The Role of Agriculture in the 2011 EU Biodiversity Strategy

On 4 May, the European Commission published its proposals for a new Biodiversity Strategy for 2011. It outlines six priority targets, needed if the EU is to meet its Biodiversity targets for 2020, and stresses the need for action to be taken in all economic sectors and areas of policy. The six priority targets are:

  1. To halt the deterioration and ensure more quantifiable control on the status of habitats and species in the EU, and increase the number of assessments under the Birds and Habitats Directives;
  2. To establish a green infrastructure to maintain and enhance ecosystems;
  3. To maximise the potential of the CAP for delivering biodiversity objectives and introduce Forest Management Plans to ensure the conservation of biodiversity is provided;
  4. To achieve Maximum Sustainable Yield (MSY) in fisheries;
  5. To combat invasive alien species;
  6. To increase EU contribution to global efforts to avoid biodiversity loss.

The strategy places particular emphasis on the important role of the agricultural sector in ‘helping halt the loss of biodiversity in the EU by 2020, and protecting, valuing and restoring EU biodiversity and ecosystem services by 2050’. The accompanying impact assessment suggests that approximately 60 per cent of agricultural land would need to be managed in a way that supports biodiversity to meet this target (including both extensively and intensively managed areas under grass, arable and permanent crops), although this figure was dropped from the final text of the strategy itself and instead has been translated into the following target:

‘Maximising areas under agriculture across grasslands, arable land and permanent crops that are covered by biodiversity-related measures under the CAP so as to ensure the conservation of biodiversity and to bring about a measurable improvement in the conservation status of species and habitats that depend on or are affected by agriculture and in the provision of ecosystem services as compared to the EU 2010 Baseline, thus contributing to enhance sustainable management’

The strategy emphasises the mutually supporting relationship between agriculture and biodiversity; using insect pollination as an example of how biodiversity is vital for the long-term sustainability of the agri-business sector. It also suggests the development of a platform to improve the sharing of experiences and best practices among sectors (agriculture, extractive industries, finance, food supply, forestry and tourism are those business sectors listed).

The critical role played by the CAP as a means of incentivising farmers to engage in conservation efforts is highlighted. Currently, EU budget under LIFE+ for biodiversity is approximately 286 million euros per year. Although difficult to estimate with any degree of precision, the amount of the CAP budget (EU funds only) used to support the environment (including biodiversity) is in the region of €8 billion/year, although this is dwarfed in size by the total CAP budget (53.5 billion euros per year).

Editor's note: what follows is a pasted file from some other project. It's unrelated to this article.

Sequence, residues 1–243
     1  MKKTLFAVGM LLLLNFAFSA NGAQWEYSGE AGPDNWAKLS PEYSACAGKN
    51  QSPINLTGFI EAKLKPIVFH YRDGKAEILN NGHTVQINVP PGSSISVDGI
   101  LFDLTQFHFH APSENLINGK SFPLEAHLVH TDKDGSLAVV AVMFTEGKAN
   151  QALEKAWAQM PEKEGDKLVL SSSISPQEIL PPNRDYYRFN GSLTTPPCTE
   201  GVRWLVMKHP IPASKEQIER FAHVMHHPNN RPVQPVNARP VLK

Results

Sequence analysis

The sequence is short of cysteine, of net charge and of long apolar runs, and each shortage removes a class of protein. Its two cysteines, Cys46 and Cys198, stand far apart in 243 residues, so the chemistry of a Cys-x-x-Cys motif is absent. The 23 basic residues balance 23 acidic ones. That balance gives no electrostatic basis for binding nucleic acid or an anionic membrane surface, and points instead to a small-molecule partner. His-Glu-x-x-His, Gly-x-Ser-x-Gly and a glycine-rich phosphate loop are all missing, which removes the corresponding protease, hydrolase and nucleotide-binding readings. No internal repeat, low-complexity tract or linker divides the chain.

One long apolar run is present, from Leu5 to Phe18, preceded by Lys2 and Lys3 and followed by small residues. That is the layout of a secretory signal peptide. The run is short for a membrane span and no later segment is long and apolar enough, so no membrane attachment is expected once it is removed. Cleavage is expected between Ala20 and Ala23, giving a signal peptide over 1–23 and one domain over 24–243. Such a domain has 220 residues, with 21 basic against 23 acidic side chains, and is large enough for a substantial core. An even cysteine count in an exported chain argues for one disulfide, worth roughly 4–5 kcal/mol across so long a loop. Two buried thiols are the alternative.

Environmental stakeholders have expressed concern that the strategy fails to commit to anything binding. BirdLife Europe recognises the potential of the strategy but notes that it is ‘somewhat un-ambitious’. This view that the strategy lacks ambition is supported by other environmental organisations, such as WWF, European Environmental Bureau (EEB) and International Federation of Organic Agriculture Movements (IFOAM). Also, the lack of concrete, measurable targets has been mentioned as one of the Strategy’s draw backs. Friends of the Earth Europe have requested that the Environment Council considers adopting specific targets for both agriculture and forestry at their next meeting in Luxembourg, 21 June, maintaining that the effectiveness of the strategy depends on it.

Some farming organisations have not responded positively to the strategy. COPA-COGECA argues that the focus on the agricultural sector could make farmers uncompetitive. In a press release, the Secretary-General is quoted saying that ‘farmers are fully aware of their responsibility to preserve the genetic diversity of animals and plants used for production…[and] valuable habitats’, nonetheless a balance must be struck between conserving biodiversity and maintaining their ‘viability, profitability and competitiveness’. He advocates that farmers must be allowed to respond to increasing demands for food and bioenergy resulting from climate change and food security.

The Strategy will now go to the European Parliament and the European Council for discussion and subsequent endorsement.

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11 May 2011